Will Allen’s life proves that success often grows from failure. The six-foot-seven Maryland native spent his youth dreaming of playing in the NBA. After being drafted to the Baltimore Bullets (now the Washington Wizards) and becoming the leading scorer among rookies that year, Allen was cut just days before the 1971 season began.
After brief stints in the now-defunct American Basketball Association and a league in Belgium, Allen accepted that his childhood dream wouldn’t come true, and eventually turned to an unlikely profession — farming.
Allen, 63, now heads Growing Power, a three-acre urban farm in Milwaukee that provides more than 40 tons of fresh, local food a year to the city’s poor residents by harnessing innovative techniques such as vertical growing and indoor fishponds.
Allen quickly became one of the most recognized faces in America’s food revolution, and in 2008, was awarded the Mac-
Arthur Foundation’s prestigious “genius award” — making him the second working farmer to ever receive the honor.
“You’re going to have disappointments in life, but you need to recover quickly and move on to something else and not give up,” Allen said. “Being a farmer is much harder than being a professional basketball player. A successful farmer, anyway.”
In his new book, “The Good Food Revolution: Growing Healthy Food, People, and Communities,” Allen chronicles his life and farming career, and makes the case for African Americans to return to their agricultural roots.
As was typical of their generation, Allen’s parents were Southern sharecroppers who moved north during the Great Migration. But unlike most of their contemporaries, Allen’s parents continued to farm alongside their day jobs, and passed on the knowledge — and love — of farming to their children.
“When many African Americans left the South and ventured north, they left behind their skills, not wanting to pass them on because of the harsh conditions they lived through,” Allen explained. “We have suffered through several generations of not passing on those farming skills. Farming is a very skilled occupation even though a lot of people think food just appears on the table; that it comes out of the air.”
But Allen didn’t always dream of becoming a farmer like his parents. After earning a basketball scholarship to the University of Miami, and 6 years of playing professionally but never quite making it to the NBA, Allen went in the opposite direction, and took an executive position with Kentucky Fried Chicken.
Even in the world of fast food, farming tugged at Allen’s heart, and he later started tilling a 100-acre farm. All that changed in 1993, when Allen, then working for Proctor & Gamble, spotted an abandoned greenhouse on the side of the road. Taking a chance, Allen cashed out his retirement to purchase the land, and Growing Power was born.
What started as a simple roadside fruit and vegetable stand — which earned Allen the nickname “the Gucci of greens” — soon grew. Allen began experimenting with several farming techniques, such as vertical growing, stacking rows of plants from floor to ceiling in the greenhouse to maximize space; vermicomposting, creating nutrient-rich soil with compost and worms; and aquaponics, simulating a freshwater river indoors to raise fish.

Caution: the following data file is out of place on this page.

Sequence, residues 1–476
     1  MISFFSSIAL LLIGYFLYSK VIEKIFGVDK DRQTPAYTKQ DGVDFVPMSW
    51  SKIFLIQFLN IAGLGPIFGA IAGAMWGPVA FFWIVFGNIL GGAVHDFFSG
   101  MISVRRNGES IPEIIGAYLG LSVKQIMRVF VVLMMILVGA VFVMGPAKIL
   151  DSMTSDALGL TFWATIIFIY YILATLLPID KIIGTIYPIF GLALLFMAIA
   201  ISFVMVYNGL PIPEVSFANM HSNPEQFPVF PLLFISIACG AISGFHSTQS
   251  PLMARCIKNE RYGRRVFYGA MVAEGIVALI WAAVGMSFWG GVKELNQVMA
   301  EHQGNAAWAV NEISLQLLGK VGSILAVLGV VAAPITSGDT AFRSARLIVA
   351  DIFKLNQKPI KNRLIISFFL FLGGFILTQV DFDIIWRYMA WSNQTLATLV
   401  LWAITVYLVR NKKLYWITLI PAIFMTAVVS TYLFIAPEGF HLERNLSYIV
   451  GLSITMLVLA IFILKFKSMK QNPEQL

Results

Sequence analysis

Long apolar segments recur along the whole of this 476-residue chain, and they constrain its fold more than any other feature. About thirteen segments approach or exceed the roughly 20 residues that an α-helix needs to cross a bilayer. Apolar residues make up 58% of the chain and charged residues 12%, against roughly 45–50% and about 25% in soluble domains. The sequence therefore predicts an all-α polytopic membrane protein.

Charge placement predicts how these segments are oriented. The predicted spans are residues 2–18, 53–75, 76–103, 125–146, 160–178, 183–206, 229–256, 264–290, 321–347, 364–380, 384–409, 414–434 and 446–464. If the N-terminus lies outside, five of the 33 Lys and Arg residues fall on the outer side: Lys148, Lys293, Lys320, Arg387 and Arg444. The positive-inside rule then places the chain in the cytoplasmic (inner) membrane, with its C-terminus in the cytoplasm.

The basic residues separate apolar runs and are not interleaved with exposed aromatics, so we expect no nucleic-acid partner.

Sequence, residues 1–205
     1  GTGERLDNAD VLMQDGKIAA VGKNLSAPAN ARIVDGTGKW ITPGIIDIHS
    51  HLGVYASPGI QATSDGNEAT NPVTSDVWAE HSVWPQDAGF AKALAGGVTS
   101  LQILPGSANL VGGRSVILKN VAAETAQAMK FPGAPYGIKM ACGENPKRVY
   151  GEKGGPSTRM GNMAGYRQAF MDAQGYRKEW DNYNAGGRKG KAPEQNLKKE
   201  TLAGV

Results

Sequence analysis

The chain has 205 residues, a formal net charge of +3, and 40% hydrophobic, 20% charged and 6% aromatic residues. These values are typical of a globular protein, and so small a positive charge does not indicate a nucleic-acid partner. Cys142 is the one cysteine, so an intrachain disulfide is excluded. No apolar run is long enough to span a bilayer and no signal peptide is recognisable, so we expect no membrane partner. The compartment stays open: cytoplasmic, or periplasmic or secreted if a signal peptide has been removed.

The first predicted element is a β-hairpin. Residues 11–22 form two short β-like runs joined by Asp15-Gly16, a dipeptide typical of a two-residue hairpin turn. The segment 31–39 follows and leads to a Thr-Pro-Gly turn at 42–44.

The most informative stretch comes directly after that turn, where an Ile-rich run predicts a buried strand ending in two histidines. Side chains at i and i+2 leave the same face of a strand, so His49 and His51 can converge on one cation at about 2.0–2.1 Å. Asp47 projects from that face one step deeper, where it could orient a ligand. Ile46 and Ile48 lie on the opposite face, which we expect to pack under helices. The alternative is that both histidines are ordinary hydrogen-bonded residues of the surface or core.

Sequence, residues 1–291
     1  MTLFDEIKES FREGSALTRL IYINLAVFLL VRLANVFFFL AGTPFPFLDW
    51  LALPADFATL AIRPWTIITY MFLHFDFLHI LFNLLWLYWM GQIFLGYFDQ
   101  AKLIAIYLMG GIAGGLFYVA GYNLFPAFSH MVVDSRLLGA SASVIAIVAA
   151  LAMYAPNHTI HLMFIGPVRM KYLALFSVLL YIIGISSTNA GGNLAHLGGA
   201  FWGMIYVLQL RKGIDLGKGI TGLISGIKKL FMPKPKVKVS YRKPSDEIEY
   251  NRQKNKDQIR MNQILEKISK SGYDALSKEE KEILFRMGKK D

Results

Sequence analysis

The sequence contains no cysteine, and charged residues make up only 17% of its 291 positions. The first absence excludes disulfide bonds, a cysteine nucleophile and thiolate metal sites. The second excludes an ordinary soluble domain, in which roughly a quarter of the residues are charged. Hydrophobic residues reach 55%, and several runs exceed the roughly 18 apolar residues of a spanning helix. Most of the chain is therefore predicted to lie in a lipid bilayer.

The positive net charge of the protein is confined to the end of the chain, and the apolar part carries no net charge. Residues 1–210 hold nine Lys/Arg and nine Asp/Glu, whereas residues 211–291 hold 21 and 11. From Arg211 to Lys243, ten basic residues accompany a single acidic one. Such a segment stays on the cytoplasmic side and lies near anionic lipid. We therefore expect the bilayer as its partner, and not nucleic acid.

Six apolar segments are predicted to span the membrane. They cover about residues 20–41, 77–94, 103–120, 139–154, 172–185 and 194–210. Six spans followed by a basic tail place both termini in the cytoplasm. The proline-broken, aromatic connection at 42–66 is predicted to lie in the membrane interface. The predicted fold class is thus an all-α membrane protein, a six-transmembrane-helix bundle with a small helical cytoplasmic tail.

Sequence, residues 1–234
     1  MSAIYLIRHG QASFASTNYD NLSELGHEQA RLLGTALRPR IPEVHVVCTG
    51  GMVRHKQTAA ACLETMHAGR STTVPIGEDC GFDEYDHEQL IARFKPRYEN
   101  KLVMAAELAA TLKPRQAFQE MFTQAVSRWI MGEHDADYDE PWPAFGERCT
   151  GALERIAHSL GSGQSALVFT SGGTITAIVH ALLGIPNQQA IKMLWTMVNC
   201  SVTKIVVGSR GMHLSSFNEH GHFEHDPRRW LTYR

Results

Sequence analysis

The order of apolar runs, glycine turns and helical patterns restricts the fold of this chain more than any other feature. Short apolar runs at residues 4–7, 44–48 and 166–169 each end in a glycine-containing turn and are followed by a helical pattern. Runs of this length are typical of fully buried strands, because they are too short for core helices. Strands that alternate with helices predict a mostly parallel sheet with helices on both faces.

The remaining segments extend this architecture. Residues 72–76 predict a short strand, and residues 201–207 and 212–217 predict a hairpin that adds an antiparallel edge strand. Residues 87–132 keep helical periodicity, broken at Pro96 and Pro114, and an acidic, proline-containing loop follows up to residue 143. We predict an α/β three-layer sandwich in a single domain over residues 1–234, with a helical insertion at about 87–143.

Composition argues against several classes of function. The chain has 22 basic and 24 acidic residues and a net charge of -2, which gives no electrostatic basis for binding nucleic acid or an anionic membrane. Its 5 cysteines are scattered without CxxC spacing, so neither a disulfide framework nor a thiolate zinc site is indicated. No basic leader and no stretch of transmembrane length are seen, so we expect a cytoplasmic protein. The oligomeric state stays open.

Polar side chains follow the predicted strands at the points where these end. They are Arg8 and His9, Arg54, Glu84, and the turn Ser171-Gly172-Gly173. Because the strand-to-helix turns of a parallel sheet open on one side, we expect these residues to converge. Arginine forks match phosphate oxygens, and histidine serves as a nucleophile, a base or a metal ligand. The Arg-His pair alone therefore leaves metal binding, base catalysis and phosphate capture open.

Just as important, Growing Power became an integral part of the community by offering jobs to low-income residents, training people in growing and cooking, hosting youth programs and selling food at an affordable rate. These community ties, Allen said, are what make urban farms sustainable.
Allen’s work was based on a simple, but radical belief: “I believe that equal access to healthy, affordable food should be a civil right — every bit as important as access to clean air, clean water, or the right to vote,” he writes in his book.
But initially, not everyone understood what he was doing. “Fifteen years ago, I would be in African American communities and people would ask me, ‘Why are you doing a slave’s work?’” Allen said.
Now, those criticisms have disappeared. “I don’t hear that anymore, I think because first lady Michelle Obama embraced growing food by putting the small garden on the White House lawn,” he explained. “As I travel around the country, I see more African American folks wanting to get back into growing food, and wanting to learn because they didn’t learn.”
Of course winning the “genius” award helped, too. “It really helped the movement and our organization,” Allen went on. “And as a person of color, I think it’s helped propel people. When I go to communities, they’re proud that I’m involved, because the movement was pretty much dominated by white folks from universities and organic farms for many, many years.”
Now, in addition to heading Growing Power in Milwaukee, Allen travels the country, teaching others how to start up their own urban farms.
Despite all that he has achieved, Allen insists his work is still in its “infancy stages.” And his goals are nothing small: “Less than 1 percent of food in cities is local, and I’d like that dynamic to change to 10 percent. That’ll have huge implications in terms of job creation and our health. It’s predicted that 42 percent of us will be obese by the year 2030, and we have to work on that so that statistic goes away.”